Lake Oroville reservior

I find myself in a bit of a tizzy about how to phrase this blog about the potential threat to food security as a result of climate change induced droughts. Shall I play the “everything is beautiful and perfect game” that is the norm for smoke-and-mirrors corporate business interests? Or shall I move with integrity and transparency while voicing my environmental science expertise? Well, is appears to be obvious that the best strategy is to move forward with the facts and plead with the public to assume their responsibility as environmental stewards to help “save the world” from ourselves. A well informed community has the ability to mobilize their resources to make a difference with conserving water usage. For example; transforming a high maintenance, water guzzling lawn to a xeriscape yard filled with native species of plants spiced with some food crops.

The over 400,000 people marched in New York City as a sign of the growing numbers that recognize Climate Change is real, undeniably. One of the major impacts from this 20th century environmental phenomenon is drought conditions that are plaguing the southwestern United States. The Ogallala Aquifer is not being replenished as large amounts of water is being sucked out of the ground. Many man-made reservoirs in California and Nevada are shrinking while water serves to provide for the needs of people.   A large amount of water is used to irrigate large tracks of agricultural land in attempts to feed the exponentially growing population. California leads and Texas comes in second as the major suppliers of agricultural crops in the country (1). The monumental “Red Flag” is our food security is at risk.

Yes, it is best that everyone says it out loud, “Climate Change is Real”. Greenhouse gases, particulate matter, and dust are wafting into the skies. These gases and particulates act as a nucleus for water molecules to attach and be held in the atmosphere. In urban environments, fresh water is been mixed with pollution and sewage, burdening the municipalities to purify the liquid. Drainage systems and non-permeable surfaces channel rain water towards the oceans. Perhaps some strategic water management innovative designs are in order? Redesigning our infrastructure using bio-inspired techniques offer a first step to effectively manage water.

Natural systems have managed and stored water for centuries. The Ogallala Aquifer is a perfect example of an underground water storage ecosystem. The High Plains aquifer encompasses 174,000 square miles beneath eight states, from South Dakota to Texas (2). Sixty percent in the waters decline has occurred to satisfy the irrigation and personal needs of Texans and food consumers. A Kansas study estimated that this magnificent aquifer may run dry within 50 years. The Texas Center for Geospatial Technology estimates some Texas counties may only have 15 years left of usable water supplies from this ecosystem. A major problem is the amount of water that is withdrawn is not being monitored so it is difficult to measure the impacts from water usage.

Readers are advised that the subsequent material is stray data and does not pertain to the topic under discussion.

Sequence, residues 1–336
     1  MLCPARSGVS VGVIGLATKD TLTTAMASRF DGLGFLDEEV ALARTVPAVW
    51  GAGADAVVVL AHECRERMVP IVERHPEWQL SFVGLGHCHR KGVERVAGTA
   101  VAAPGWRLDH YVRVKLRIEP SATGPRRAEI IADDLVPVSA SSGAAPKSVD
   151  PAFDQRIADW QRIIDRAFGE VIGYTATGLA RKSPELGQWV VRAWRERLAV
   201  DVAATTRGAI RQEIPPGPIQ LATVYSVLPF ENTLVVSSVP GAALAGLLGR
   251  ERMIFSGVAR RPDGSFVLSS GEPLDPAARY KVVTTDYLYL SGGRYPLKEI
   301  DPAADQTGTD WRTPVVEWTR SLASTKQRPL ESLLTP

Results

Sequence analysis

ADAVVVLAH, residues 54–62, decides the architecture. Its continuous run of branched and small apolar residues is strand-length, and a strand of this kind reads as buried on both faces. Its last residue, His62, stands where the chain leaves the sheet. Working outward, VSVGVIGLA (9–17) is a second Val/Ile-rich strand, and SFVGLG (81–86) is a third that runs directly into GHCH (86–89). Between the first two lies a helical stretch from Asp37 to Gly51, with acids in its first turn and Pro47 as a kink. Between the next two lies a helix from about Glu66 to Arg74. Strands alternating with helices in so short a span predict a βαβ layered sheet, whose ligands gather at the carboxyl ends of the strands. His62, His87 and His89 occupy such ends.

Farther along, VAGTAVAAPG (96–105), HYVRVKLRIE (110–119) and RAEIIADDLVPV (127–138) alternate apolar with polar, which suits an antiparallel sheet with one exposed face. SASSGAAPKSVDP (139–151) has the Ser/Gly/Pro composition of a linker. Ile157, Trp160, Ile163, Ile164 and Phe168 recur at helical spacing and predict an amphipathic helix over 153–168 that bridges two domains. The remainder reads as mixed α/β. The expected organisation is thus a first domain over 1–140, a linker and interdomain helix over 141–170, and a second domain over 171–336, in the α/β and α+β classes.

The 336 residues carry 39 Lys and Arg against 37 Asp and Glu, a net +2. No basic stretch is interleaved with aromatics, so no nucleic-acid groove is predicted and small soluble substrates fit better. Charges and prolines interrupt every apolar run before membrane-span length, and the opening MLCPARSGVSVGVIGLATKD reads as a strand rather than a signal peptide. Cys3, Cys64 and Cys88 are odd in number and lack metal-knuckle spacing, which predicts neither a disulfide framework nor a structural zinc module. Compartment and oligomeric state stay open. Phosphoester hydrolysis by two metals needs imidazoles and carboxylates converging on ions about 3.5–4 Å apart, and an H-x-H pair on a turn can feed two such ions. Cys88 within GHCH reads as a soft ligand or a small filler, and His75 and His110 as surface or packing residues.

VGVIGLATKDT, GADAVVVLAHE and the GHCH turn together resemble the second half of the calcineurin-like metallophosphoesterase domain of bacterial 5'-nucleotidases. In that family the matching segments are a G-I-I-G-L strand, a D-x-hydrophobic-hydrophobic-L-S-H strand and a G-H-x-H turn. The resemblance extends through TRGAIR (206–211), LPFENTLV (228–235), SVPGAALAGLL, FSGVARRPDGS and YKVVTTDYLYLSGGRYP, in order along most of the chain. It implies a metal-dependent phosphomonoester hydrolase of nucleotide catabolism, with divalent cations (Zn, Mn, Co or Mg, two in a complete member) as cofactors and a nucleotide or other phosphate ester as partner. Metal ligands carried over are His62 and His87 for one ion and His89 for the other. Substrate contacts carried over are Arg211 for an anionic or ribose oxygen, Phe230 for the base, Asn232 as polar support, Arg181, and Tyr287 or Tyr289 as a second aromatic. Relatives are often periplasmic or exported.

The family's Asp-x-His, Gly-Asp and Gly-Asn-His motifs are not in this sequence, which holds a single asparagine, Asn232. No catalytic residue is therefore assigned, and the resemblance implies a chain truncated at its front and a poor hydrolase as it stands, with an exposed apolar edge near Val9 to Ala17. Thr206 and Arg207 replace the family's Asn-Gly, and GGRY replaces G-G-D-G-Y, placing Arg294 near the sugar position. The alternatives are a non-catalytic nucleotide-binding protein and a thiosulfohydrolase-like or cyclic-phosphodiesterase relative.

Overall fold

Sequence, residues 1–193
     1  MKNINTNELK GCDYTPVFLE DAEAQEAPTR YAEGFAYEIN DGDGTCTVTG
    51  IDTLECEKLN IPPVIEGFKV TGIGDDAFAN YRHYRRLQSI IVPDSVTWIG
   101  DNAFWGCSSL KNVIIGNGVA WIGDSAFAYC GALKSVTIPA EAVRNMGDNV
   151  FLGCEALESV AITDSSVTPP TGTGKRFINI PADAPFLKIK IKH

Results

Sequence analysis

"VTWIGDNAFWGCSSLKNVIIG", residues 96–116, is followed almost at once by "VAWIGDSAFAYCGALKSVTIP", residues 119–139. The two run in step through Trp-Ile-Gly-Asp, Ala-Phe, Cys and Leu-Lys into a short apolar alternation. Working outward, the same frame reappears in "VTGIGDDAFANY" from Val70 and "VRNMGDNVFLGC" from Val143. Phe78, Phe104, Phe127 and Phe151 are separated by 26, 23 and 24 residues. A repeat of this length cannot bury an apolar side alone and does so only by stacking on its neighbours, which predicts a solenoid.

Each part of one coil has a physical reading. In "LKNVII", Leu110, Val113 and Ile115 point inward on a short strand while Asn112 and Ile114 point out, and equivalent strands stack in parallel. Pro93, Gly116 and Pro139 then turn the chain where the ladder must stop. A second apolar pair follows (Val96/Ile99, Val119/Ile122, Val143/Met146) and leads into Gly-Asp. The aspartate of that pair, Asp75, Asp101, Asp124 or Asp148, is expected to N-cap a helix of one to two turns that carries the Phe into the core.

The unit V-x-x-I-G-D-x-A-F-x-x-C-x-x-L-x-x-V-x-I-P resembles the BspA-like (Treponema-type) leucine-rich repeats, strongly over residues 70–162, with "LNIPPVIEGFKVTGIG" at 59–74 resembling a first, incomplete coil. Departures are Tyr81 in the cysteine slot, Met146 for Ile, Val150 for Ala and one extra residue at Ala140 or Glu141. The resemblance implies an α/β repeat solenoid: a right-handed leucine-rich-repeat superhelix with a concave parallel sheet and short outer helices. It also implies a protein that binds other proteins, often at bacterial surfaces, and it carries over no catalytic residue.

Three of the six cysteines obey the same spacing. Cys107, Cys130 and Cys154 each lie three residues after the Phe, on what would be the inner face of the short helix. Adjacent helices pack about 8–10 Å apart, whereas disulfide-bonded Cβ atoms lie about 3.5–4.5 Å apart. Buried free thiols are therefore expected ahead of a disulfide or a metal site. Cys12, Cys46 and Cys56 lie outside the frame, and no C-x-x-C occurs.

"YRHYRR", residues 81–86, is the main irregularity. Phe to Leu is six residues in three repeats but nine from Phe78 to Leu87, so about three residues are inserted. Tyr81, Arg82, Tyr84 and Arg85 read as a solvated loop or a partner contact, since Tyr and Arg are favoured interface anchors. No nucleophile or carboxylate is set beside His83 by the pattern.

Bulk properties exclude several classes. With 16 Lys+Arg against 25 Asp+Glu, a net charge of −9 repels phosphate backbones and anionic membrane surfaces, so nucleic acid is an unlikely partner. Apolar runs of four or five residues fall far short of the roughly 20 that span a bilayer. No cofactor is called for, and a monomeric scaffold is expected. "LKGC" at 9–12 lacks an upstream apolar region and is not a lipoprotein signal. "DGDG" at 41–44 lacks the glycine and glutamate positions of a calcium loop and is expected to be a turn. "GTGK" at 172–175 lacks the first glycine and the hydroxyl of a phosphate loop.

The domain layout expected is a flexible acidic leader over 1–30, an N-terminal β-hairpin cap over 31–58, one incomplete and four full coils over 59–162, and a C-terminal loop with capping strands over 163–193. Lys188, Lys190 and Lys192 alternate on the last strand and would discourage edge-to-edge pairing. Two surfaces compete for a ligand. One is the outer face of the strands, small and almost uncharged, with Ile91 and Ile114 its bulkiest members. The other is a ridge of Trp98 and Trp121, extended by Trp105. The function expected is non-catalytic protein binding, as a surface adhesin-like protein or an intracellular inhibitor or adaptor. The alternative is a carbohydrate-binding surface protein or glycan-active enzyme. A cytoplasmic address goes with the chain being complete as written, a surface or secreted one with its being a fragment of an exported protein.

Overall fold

California and Nevada used a traditional storage strategy to manage water by constructing a dam and creating a reservoir. This strategy may not be a viable management strategy due to the large amount of water surface area that is exposed to evaporation. You may be impacted by the pictures of California’s (CA) chronic drought conditions that have impacted Lake Oroville, reduced to 32% capacity, and the CA Sacramento County, Folsom Lake reservoir, only filled to 40% capacity (5). A major challenge faces water managers in relation to Nevada’s Lake Mead. It is hoped to satisfy water needs through 2015 before sounding the alarm of a key shortage declaration (3). Lake Mead’s water is used to satisfy the needs of 40 million people and the cities of Las Vegas, Phoenix, and Los Angeles. The reservoir is about 39% filled to capacity and is located at 1,082 feet above sea level.

Water is needed to irrigate our agricultural crops. Agribusiness is built around large tracks of land where only one plant crop is grown, monocropping. Climate change greenhouse gases are released from the combustion engine equipment required to manage the tasks needed to sow the seeds, apply chemical, and harvest the crops. The transportation industry is needed to deliver the food products to the consumer. It is ironic that the agribusiness industry is dependent upon the very technology that is destroying the success of the business due to contributing to Climate Change. The main indicator of economic growth increased productivity (4). Increased productivity requires increased irrigation needs. Innovation is needed to combat the challenges facing the food production and supply process.

It is essential that the public be well informed of the environmental and agricultural challenges facing the world. Once informed then we all may collaborate and play a part in creating solutions for a sustainable world. Climate change is a phenomenon that has developed over a two hundred year period of cause-and-effect feedback loops. So the solutions must be diverse and involve many different components of our lifestyles and living environment. Water management, re-designing our living environment, and making changes in our lifestyles are a few strategies that will provide food security for the people. Assuming environmental steward lifestyles is empowering as we realize we can make a difference in the world and provide solutions to 21st century challenges.

Footnote: I am proposing an Edible Garden Challenge. You may view my video at Go to to contact me and add your name to the growing list of Environmental Stewards. If I do not respond within 48 hours then facebook me at

Have a great day,

Elizabeth Armstrong, Ph.D.

1 Economic Post.

2 Brambila, Nicole C. 2014.

3 Ritter, Ken. 2014.

4 United States Department of Agriculture.


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